Five emerging fine jewellery trends we spotted at Baselworld 2017, the largest watch and jewellery fair in the world
It is with some trepidation that I start to write a Baselworld round-up each year. The reason is that I never quite know where to begin. With more than 2,000 stands at eight-day event, it all becomes a bit of a blur (not simply because of the copious amounts of champagne).
This year marked the 100th anniversary of the fair. However, rather than celebrating in typically ostentatious style, there was a more subdued note in the air. With last year’s falling sales in the luxury sector and predictions of an economic downturn on the horizon, this had a knock-on effect: according to Forbes, exhibitor numbers reportedly dropped 13.3 per cent, to 1,300. Following this, the organisers announced it would be reducing the number of days by two for next year’s edition.
Given such news, it is hard not to feel gloomy, but brands are simply having to rethink their strategies. Rather than using Baselworld as the moment to showcase their most price recordbreaking pieces, some exhibitors were emphasising affordability and wearability. The buzzword is millenials and by targeting them with attractive entry-level collections, brands hope to weather the storm. The emphasis was on quality, not quantity.
Of course, there were still plenty of showstopping pieces, including the astronomical $35 million ruby necklace by Faidee (pictured above). Named The Grand Phoenix, it stole the show in one fell swoop. With this and other pieces to uplift visitors’ spirits, there is no reason not to feel positive. Here’s to the next 100 years.
Pantone’s Colour of the Year is ‘greenery’, and many at Baselworld presented their own take on the trend. Emeralds were a common sight, but some experimented with more unconventional stones, such as Italian jeweller Marco Bicego, which showed a pair of jade earrings with visible imperfections and inclusions. Arguably the most unusual was from Jacob & Co – a rare fancy intense green radiant-cut diamond ring. Its Mystery of Muzo cuffs also featured Colombian Muzo emeralds in the same vivid shade.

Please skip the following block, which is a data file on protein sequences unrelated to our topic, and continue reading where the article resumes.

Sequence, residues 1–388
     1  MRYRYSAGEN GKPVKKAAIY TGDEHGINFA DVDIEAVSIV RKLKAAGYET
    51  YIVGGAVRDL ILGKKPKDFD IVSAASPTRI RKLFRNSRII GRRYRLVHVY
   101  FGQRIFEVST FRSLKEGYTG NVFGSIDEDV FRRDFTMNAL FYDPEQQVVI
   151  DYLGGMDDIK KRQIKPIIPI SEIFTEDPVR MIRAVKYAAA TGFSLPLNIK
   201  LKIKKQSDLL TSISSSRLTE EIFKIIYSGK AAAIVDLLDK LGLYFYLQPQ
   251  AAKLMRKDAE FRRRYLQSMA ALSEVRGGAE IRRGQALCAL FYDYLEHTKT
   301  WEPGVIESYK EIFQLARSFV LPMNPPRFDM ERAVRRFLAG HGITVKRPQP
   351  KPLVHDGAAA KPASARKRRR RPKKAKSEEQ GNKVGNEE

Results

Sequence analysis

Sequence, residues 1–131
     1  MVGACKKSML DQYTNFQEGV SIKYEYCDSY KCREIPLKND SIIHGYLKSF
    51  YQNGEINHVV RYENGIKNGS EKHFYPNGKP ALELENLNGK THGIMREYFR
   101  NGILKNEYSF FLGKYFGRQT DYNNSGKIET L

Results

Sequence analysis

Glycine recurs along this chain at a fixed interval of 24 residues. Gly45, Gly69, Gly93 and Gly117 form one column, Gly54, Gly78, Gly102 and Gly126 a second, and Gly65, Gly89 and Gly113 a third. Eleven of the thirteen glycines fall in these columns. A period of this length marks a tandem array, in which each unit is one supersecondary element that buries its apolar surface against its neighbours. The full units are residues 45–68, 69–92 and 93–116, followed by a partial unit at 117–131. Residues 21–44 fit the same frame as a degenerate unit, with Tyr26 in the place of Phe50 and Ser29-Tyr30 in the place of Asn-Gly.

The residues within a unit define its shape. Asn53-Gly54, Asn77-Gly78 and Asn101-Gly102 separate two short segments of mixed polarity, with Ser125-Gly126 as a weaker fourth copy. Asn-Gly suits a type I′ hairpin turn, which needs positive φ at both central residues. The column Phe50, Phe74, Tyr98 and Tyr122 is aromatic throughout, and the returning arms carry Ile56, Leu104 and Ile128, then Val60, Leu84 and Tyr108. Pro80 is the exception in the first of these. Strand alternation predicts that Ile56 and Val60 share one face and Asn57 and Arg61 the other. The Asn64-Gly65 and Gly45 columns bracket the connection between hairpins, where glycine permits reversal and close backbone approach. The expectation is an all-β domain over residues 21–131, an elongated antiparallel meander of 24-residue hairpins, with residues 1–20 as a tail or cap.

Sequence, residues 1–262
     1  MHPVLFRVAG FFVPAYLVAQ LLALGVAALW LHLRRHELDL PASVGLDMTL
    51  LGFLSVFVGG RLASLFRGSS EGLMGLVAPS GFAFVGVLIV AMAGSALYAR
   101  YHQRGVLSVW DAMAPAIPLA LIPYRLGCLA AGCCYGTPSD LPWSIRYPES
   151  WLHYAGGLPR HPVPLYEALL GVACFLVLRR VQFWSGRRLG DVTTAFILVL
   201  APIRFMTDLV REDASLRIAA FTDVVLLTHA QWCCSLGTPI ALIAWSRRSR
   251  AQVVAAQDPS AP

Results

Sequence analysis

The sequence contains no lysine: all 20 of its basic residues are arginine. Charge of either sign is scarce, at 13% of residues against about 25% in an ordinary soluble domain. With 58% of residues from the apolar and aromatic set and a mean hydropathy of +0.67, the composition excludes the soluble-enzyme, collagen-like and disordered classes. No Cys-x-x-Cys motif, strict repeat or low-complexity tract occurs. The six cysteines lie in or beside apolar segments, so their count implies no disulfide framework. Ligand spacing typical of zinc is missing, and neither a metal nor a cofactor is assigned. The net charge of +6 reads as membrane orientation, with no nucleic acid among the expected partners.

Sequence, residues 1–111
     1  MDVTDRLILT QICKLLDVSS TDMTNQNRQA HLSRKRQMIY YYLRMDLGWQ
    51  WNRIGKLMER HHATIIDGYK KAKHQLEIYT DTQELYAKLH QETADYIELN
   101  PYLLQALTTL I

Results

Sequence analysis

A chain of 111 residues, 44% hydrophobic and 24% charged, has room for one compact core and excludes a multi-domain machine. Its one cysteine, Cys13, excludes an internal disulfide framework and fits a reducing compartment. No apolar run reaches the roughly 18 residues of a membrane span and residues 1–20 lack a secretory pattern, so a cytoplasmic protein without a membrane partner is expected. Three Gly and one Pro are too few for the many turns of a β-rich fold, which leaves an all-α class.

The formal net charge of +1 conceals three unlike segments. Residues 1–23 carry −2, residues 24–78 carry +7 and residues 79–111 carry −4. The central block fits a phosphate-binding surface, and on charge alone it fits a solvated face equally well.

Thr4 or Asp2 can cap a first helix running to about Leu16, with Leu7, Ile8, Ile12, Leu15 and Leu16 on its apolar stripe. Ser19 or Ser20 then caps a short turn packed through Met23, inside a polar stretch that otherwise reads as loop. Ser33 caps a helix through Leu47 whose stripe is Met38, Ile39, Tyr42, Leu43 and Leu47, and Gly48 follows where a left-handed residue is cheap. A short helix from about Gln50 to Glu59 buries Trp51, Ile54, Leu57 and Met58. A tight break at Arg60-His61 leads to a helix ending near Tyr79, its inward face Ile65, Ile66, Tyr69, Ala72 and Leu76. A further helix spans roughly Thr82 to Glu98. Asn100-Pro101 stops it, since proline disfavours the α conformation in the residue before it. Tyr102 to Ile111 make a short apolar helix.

The Diamond Names To Drop This Season
Messika made quite a statement, having upgraded its stand and positioning itself next to players such as Hermès and Graff, with a bed of roses outside its booth. It has launched a new high jewellery collection, Paris est une Fête, which pays tribute to the city’s cultural heyday in the 1920s. It sees the designer play with different diamond cuts: the Swinging necklace includes more than 2,500 diamonds, assembled using discreet elastic threads so the stones appear to float on the wearer.
Another diamond jeweller worthy of a second mention is Yeprem. Loved by the likes of Rihanna and Madonna, the edgy jeweller made its debut into watches with a high jewellery timepiece collection called Y-Memento.
History in the Making
In tough times, a brand will often stress its history as sure signs of stability. This year, Chanel has commemorated its founder through its Mademoiselle Privé collection. The Décor Aubazine timepiece is inspired by the windows of the orphanage that Coco Chanel spent her childhood, while the brand’s classic tweed is used for the first time on the Boy.Friend watch strap, woven in beige gold or black steel threads.
Celebrating its 70th anniversary, Dior also pays tribute to its heritage. Launched in 2011, the Dior VIII Grand Bal watch collection honours its founder’s love of couture and lavish feasts, and now includes the Grand Bal Plissé Ruban, featuring a pleated design similar to that of a petticoat.
Entry Point Fine Jewellery
Case in point for enticing millenials with entry-level pieces was luxury pearl jeweller Yoko London – its new pieces start from £1,000. Fabergé showcased its accessible engagement ring collection, which launched at the end of last year and allows clients to enter the world of this historic and opulent jewellery house for £5,000. Elsewhere, Lebanese jeweller Yeprem argued that it’s never too early to get hooked on diamonds, starting at £1,700. Finally, Chopard gave its Happy Diamonds collection a refresh with the more affordable material malachite.
High Jewellery Watches
There was a time when watchmakers got away with smattering ladies’ watches with diamonds and gemstones, covering up a lack of any proper mechanism. All this is fortunately behind us: today brands are seeking both style and substance. Chanel celebrated the 30th anniversary of its Première watch by launching the Première Camélia Skeleton. The calibre is the brand’s second stab at an in-house movement and masterfully bridges the gap between design and function.
Harry Winston took us down memory lane with an update to its Avenue collection. It now arrives in Dual Time: a second time zone function designed for globetrotting women, or with a moon phase complication (one of the smallest
of its kind on the market). Graff, meanwhile, brought out a new Mastergraff Floral Tourbillon for ladies.